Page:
La Trobe University
CSE1PE: Programming Environment
Understanding the Program Development Steps
In CSE1PE, the following steps are very efficiently and proactively used so it’s
important to read the following and pay close attention to each detail.
Step 1: Define the Problem
In order to continue on with a program development, you need a clear vision and to
understand what is going to happen with your program. This takes the form of a
‘visual representation’. Basically, it’s a diagram which represents the flow of
processing from the input, to the output.
Figure 1.1: A sample visual diagram of a basic shop purchase.
Inputs: Change is calculated by
deducting the price of
cash the item (price) from cash
the cash supplied. change
In the left box, we have our inputs. If we go into a shop to purchase an item. We have
two things that we need to assume. The price of the item, and the cash we will give to
the attendant. We know this, but we want to know the change that we receive.
The middle circle is the processing section. We explain in simple English what’s
going on in the background. For this example, we simply write a sentence explaining
how the change is calculated, which is deducting the price of the item from the
Of course, depending on the problem description, it’s essential we output the
change. You may or may not need to output the cash and price again, but I’ve done
that also for the example.
Written by Aaron Brown
La Trobe University (2013) Step 2: Specify a high level solution
You cannot now just develop a solution that has complex features with it. We use a
defining diagram to do rigorous planning to ensure that when it comes time to
programming the program, we are fully prepared.
A defining diagram simply lists the Inputs, Processes and Outputs in a table-
like format. In some way this is translating the diagram above, into a more complex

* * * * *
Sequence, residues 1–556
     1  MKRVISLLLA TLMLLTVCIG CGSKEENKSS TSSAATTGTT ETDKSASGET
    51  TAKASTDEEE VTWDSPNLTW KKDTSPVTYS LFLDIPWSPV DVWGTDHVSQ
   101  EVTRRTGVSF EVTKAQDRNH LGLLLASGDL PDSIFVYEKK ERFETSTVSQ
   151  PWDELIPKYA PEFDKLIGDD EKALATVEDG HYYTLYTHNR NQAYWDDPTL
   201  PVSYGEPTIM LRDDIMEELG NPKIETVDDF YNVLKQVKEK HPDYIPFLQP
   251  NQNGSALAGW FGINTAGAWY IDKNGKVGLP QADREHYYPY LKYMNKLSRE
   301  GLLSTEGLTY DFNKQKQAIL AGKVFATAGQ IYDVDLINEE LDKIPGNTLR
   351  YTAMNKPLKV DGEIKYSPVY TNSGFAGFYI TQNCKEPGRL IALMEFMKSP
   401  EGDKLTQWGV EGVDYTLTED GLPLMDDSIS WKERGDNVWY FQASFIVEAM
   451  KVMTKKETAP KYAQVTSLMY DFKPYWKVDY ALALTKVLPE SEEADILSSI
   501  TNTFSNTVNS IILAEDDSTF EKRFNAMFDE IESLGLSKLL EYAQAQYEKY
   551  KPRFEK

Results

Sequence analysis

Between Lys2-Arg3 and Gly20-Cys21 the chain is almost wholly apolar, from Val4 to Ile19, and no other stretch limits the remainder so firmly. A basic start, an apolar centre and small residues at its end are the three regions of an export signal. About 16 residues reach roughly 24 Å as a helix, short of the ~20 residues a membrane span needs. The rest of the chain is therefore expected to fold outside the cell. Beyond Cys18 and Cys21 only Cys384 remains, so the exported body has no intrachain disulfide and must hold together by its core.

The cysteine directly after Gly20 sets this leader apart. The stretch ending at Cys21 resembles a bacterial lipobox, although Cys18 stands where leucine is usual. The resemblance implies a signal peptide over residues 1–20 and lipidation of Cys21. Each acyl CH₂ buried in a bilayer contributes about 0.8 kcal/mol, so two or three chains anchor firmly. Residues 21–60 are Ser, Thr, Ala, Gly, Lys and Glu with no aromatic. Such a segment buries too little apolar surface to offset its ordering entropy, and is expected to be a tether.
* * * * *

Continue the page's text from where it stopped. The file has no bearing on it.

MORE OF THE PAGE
and systematic approach.
Figure 2.1: A sample defining diagram of the ‘shop’ example.
INPUTS PROCESSES OUTPUTS
price Change = cash - price price
Inputs: Are the things that we know we have to enter to calculate the change.
Without one or both of these, we cannot calculate. The inputs (price and cash)
seen above are called variables. Variables need to have a unique but
justified name which is relevant.
Processes: Is the ‘back end’ processing that is required to calculate the
desired output (which is to display the change). So therefore, we write the
calculation to do this, which is “Change = cash – price”.
Outputs: Are the ‘final products’ for the user to see at the end.
If you have done an IPO chart before, this is somewhat similar with a few
modifications to it.
Step 3: Outline the Solution
If there is additional information which needs to be added, this section is where you
add it. If you have functions, if/else statements or anything that has not been
justified, justify it in this section. Pretend that there is someone that has never seen
or used your program before, and needs to know details about it. This is where you
provide these details (if applicable).
Step 4: Develop the outline into algorithm
To do this step, we use what’s called Pseudocode and a Data Dictionary.
Pseudocode is a series of logical steps that is performed for the program to be
Written by Aaron Brown
La Trobe University (2013) Figure 4.1: A sample Pseudocode with explanations for the ‘shop’ example.
Always start with the ‘idea’ or ‘goal’
calculateChange() as the ‘function’. It has a name then
() after it.
2. INPUT price The Pseudocode always starts with the
word ‘START’ in capitals. Each line of
3. INPUT cash the Pseudocode must be numbered.
4. change = cash – price
5. DISPLAY change
We must think about how the
6. STOP program will run. First, we would
need to ask for the item cost and
the price. We start each on a new
After the inputs have been given, line, with capital INPUT, a space,
we now need to calculate. This is then the variable name which we
the processing stage where we now have specified in the Defining
need to calculate for the output. Diagram (Step 2 (click)).
After all processing and inputs
have been collected, we now
DISPLAY the output of ‘change’.
To display or output the result, After everything has been done, to indicate
that the Pseudocode has finished, we type in
we type in capitals DISPLAY then capitals, STOP. This indicates the end of the
the variable (which we’ve given Pseudocode.